To work in the Publishing Department one was given eight weeks holiday a year and was expected to work two days a week plus one half day and a weekend half night. Effectively this meant the working week was three days. The Warehouse and Publishing Manager, an odd title by anyone's standard earned thirty thousand pounds per annum. Bear in mind that in 1984 a four bedroom house cost fifty thousand (now £450,000) and you begin to see just how well paid printers were. Nothing wrong with that you might say apart from the fact that other printers, less well off and far more skilled, were paid far, far less. So much for brotherhood.
 
The obvious difference between miners in Yorkshire and printers in Fleet Street, apart from the salaries, was that one group were traditional working class and the others, a great many at least, were neo-middle class. There were men working at News International who owned farms or other businesses and who, the farm owners at least, would take three weeks of during sheep shearing season. There were men who, when casuals were needed, signed in as Ronald Reagan or, on one occasion, Donald Duck. The work was relatively easy especially when compared to that being done by coal face workers, the rewards staggering. A great many printers had second homes.
 
Contrary to popular opinion Murdoch did not negotiate with the unions as long as he suggested nor did he bring new technology to his Wapping plant. It wasn't as old as that used in Fleet Street but still was second hand. It has been suggested negotiations took seven years. In fact it was four. Far too long maybe but nothing like claimed. 
 
When the demonstrations occurred, often with violent exchanges between police and strikers, it was seldom due to the pickets or those protesting. Each week, for at least the first five, members of the National Front, neo-Nazi agitators, would turn up armed with bricks, marbles (throw marbles under horses hooves and the poor beasts fall over often breaking their legs) and other weapons whereupon they would throw them before disappearing leaving police to batter genuine, and peaceful, protesters. 
 
Since then Rupert Murdoch's empire, grown on the back of BSkyB, has blossomed to unbelievable size. It is now the second biggest media empire in the world reminiscent of Bond villain Carver's global toad that controlled national thinking in whatever country viewed or read his broadcasts, his jaundiced opinions.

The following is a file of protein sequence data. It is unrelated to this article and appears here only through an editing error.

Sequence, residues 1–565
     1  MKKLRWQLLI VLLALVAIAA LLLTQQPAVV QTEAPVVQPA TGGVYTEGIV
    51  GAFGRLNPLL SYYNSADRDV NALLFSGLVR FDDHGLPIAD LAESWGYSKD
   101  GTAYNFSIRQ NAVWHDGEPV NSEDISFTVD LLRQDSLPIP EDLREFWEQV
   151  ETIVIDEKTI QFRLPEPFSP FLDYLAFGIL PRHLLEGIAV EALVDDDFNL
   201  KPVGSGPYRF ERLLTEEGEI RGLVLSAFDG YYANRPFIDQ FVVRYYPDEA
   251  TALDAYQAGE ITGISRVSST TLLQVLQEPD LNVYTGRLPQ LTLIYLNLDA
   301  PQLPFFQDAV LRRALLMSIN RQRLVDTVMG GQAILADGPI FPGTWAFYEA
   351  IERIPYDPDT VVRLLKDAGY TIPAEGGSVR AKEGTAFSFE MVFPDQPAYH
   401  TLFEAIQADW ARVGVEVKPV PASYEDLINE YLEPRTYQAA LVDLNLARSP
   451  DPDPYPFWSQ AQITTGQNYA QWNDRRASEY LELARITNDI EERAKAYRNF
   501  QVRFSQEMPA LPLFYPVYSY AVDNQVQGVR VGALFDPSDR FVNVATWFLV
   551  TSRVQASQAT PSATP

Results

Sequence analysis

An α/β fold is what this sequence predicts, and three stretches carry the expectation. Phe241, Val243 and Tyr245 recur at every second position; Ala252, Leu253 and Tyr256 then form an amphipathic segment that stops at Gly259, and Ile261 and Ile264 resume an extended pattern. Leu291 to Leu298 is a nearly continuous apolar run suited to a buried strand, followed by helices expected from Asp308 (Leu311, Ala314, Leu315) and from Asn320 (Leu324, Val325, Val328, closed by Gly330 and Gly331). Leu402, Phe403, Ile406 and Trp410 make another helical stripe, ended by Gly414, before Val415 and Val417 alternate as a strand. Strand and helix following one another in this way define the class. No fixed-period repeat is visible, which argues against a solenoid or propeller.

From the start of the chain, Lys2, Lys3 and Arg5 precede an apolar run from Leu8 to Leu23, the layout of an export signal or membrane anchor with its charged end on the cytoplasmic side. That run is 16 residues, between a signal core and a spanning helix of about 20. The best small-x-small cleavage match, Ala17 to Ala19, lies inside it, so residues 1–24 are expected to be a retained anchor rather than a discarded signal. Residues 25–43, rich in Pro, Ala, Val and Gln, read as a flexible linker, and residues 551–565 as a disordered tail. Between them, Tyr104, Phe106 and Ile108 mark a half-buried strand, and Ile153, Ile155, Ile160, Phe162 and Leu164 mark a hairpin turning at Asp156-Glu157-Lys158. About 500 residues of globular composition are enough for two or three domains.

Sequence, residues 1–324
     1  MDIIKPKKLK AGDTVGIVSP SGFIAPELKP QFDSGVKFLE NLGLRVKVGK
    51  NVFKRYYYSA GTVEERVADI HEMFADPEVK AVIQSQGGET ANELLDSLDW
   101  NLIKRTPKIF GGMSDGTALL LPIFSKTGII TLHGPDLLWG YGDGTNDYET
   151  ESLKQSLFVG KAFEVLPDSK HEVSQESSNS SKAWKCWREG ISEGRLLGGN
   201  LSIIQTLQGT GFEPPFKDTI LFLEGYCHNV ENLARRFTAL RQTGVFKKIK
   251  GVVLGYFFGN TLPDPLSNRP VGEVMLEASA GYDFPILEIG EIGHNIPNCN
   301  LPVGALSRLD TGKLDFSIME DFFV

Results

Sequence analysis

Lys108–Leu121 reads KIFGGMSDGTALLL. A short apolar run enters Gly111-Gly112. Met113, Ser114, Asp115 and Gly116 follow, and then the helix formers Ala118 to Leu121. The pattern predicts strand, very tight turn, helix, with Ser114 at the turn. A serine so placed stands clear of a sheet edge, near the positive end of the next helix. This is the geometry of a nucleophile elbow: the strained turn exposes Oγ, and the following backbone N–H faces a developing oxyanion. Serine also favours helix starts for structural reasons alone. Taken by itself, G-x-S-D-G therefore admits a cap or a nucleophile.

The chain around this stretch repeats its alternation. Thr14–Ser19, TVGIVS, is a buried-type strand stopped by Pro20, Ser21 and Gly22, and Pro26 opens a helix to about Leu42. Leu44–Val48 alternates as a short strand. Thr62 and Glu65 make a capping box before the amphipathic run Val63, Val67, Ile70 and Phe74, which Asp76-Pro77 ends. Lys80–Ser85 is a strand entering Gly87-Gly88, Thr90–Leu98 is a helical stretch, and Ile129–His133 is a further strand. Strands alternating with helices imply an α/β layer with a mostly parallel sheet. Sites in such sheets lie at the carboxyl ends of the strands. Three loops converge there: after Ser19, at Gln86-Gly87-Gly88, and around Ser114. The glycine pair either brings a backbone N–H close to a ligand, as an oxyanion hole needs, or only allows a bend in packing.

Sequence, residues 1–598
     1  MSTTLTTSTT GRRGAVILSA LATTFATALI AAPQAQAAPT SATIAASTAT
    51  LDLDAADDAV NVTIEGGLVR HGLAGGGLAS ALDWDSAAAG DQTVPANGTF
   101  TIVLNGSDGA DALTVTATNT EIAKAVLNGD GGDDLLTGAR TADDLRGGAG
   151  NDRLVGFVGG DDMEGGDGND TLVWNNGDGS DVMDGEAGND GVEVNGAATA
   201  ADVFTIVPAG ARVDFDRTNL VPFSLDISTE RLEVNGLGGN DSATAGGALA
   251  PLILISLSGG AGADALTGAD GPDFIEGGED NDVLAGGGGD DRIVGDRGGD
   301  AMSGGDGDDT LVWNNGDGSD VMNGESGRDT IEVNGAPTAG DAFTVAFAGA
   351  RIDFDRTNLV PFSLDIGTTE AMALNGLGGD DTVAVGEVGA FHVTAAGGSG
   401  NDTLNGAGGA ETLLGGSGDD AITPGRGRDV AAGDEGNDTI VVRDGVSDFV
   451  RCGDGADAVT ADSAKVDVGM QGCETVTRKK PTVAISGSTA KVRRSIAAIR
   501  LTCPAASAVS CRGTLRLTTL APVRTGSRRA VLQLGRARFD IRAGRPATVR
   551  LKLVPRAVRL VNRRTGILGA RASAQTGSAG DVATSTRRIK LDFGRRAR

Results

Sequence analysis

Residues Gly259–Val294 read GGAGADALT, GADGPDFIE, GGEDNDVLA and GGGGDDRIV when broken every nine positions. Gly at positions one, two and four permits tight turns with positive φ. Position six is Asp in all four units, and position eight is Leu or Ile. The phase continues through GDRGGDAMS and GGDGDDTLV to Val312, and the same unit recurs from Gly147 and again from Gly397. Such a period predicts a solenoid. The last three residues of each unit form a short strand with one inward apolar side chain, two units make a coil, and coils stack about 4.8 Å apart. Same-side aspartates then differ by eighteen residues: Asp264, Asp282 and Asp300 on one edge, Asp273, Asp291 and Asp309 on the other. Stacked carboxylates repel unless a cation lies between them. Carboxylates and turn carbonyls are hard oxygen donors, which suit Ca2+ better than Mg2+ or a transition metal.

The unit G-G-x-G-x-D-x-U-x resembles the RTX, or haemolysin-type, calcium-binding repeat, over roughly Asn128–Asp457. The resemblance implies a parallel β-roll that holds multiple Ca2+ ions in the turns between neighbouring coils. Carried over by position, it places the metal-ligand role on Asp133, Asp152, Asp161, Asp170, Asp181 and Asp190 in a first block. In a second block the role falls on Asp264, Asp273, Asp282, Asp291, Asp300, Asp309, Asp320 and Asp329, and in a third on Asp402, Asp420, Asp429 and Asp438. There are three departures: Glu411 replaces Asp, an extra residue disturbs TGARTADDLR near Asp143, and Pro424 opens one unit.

When the man I mentioned above, the unlikely named Warehouse and Publishing Manager retired, and he was not alone in this pay out as many other printers received the same, he was given sufficient monies as a one off payment (yearly pension also) to purchase if not one, then two houses. When said gent died his widow got the same again.
 
Many of the men of the NGA, of NATSOPA and of SOGAT, were good, genuine people who, and I cannot blame them, gratefully took all the wages that the union negotiated on their behalf. A great many others, suggesting they were socialists is a spurious claim to make, had but one concern - earning as much as they could for as little effort as possible.
 
Now we see Mister Murdoch, a self proclaimed Right Wing Libertarian, waxing on the rights and wrongs of Islam. Confusing modern Muslims with those of a similar right wing persuasion. Those two seemingly disparate bodies, Murdoch and Fundamental Muslim's are not so very different. Neither like freedom of speech, with it's outpourings of opinions, unless it is their opinions being expressed.
 
This from ABC Australia....Rupert Murdoch is one of the most powerful people in the English-speaking democracies. His genius has been to combine his two passions: a desire for money and a thirst for power.
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Russell Cuts the Corn From The Brewers Whiskers.